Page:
Pastors Discuss: 7 Easy Steps to Establish & Grow Your Church

starting-your-church

In The Beginning….
(Genesis 1:1)

It started out small; just an idea; a few informal meetings of people with similar beliefs in God. You met and exchanged ideas, you built a fellowship, people made these informal meetings part of their routine and eventually word spread; others joined; you grew.

Now you have a flock and it’s time to give it a home. Organizing your make-shift congregation into a legally recognized church requires that you take some steps to make this happen; not for God, but for Uncle Sam. You must become legally recognized to take advantage of government church protections and privileges.

Like any new organization, the omnipresent IRS has some specific and typically baffling guidelines for what the agency would consider a ‘church.’ The IRS website offers a cumbersome Church Tax Guide and certainly you should consult with a qualified accountant as you become ‘legal’ but there are some basic things you need to do in order to get the process started.

A good name is rather to be chosen than great riches
(Proverbs 22:1)

You will need to choose an available name. This allows all government agencies, potential vendors, and donors to recognize you. Research IRS websites and perform an inexpensive name search online to verify that your Official Church Name is unique to your congregation.

You will need to solidify the members of your Church Board, the decision making body. If your congregation is denominational, contact your denominational headquarters and solidify the support of the headquarters. Then it is time to set up a PO Box so you can start dealing with the government.

Let every person be subject to the governing authorities.
(Romans 13:1)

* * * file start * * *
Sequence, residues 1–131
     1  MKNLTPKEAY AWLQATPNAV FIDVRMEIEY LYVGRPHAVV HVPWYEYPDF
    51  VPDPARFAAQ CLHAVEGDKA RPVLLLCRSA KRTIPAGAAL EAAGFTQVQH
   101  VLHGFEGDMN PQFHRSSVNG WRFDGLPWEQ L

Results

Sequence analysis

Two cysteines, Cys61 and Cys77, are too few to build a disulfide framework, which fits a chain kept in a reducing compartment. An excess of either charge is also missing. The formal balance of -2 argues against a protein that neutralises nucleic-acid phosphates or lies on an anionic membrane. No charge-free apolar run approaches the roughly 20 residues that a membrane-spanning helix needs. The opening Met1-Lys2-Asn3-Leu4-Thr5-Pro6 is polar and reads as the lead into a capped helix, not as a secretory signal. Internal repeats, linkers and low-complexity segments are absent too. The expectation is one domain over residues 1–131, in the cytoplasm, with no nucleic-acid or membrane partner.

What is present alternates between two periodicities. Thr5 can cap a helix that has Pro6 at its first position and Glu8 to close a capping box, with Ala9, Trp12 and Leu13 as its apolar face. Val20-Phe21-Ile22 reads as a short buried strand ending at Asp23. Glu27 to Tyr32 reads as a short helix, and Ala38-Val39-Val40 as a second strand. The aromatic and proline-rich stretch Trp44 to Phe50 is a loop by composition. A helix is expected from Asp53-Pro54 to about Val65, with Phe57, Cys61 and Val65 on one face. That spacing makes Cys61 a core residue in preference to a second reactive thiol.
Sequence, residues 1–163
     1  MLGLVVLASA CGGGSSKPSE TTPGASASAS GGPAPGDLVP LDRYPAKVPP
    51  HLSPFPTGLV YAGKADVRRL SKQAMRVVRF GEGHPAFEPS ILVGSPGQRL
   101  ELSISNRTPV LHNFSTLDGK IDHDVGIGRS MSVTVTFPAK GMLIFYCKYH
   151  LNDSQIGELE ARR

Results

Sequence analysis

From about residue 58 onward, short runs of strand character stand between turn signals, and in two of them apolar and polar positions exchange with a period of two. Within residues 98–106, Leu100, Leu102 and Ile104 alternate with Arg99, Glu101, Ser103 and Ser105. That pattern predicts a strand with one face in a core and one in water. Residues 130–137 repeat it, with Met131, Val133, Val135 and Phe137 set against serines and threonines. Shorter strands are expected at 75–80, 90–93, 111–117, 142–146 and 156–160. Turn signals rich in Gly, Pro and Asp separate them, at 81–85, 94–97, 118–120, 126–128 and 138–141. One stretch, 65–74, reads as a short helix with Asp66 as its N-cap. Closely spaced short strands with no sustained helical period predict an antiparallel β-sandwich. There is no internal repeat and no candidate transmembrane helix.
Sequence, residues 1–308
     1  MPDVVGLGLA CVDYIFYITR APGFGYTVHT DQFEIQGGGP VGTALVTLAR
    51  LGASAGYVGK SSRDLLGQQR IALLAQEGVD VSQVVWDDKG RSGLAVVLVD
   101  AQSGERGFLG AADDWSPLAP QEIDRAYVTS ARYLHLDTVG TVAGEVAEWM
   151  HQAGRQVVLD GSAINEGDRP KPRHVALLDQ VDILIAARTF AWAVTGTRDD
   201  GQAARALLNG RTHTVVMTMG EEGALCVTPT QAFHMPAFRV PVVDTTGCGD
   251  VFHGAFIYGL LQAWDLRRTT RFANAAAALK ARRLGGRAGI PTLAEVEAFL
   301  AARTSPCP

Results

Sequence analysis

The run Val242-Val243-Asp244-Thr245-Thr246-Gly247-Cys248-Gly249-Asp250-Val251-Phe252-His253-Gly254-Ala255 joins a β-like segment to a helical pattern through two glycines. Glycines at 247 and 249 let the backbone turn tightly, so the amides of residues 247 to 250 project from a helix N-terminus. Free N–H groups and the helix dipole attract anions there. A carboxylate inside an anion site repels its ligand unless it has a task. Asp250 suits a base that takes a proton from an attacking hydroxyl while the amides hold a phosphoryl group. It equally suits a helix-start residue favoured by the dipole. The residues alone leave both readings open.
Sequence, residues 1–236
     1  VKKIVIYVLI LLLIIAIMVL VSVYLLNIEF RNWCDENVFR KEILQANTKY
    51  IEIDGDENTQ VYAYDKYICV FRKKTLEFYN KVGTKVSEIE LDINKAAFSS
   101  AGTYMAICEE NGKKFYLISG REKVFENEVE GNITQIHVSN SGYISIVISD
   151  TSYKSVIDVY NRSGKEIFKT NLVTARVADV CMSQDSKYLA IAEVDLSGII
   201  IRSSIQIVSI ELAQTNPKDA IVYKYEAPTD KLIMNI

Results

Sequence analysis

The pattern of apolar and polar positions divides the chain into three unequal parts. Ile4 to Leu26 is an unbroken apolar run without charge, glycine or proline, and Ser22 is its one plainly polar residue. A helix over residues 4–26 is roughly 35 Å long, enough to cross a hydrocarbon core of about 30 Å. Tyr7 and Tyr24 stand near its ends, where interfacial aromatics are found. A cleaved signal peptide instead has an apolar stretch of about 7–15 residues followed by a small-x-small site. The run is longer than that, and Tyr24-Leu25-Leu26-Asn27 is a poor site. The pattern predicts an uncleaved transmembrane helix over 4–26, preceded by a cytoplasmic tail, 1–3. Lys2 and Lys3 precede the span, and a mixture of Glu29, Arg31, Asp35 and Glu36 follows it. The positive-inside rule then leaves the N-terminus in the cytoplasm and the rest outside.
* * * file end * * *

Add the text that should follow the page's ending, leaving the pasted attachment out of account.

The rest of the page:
Next you will need to incorporate within your state’s Corporation Commission. Each state is different but some things are universally required. You will need to include your non-profit wording request for organization and clearly identify your Board responsibilities and members. Check with the IRS to see that your non-profit wording is within Uncle Sam’s guidelines as well.

Contact your Secretary of State to get all the necessary state organizational documents. Many new congregations do not realize upon the first visit to the SOS office that, like any organization, you need to have a clear dissolution clause in the event your Church ceases to function.

The laborer deserves his wages
(1 Timothy 5:18)

Whether you are going to have a paid clergy or not, the IRS requires that you apply for an Employer Identification Number (EIN). Simply put, this is a tax identification number, and is how the IRS will refer to you for the rest of this process. It is like the Social Security Number for your organization. You can apply for this number for free on the IRS website. You must then check with your state to clarify whether a state tax ID number is also required, and apply for it.

You are going to want to take advantage of the tax allowances and breaks provided to churches with a 501(C)3 non-profit status, but before you can ever apply for this desired church tax status, you must have your EIN number.

For where two or three are gathered in my name, there am I among them
(Matthew 18:20)

It is time to convene the Board of Directors meeting. There are several key things which must be decided. You must adopt by-laws, elect officers, adopt IRS and state required policies and authorize opening a bank account. Expect arguments and heated discussions but remain steadfast to finding solutions.

You must also determine terms for the selection and expulsion of Board members. The IRS requires that you have at least one annual meeting, so agree when this will happen. How will the purchase and conveyance of property be handled?

If you will have paid clergy, determine salaries or benefits. When issues arise, how will the Board be contacted to convene? Who has voting rights and what will be considered a quorum? What are the responsibilities of the directors, how do you amend the by-laws? What will be your source of revenue – fundraising, donations, or perhaps operating a business.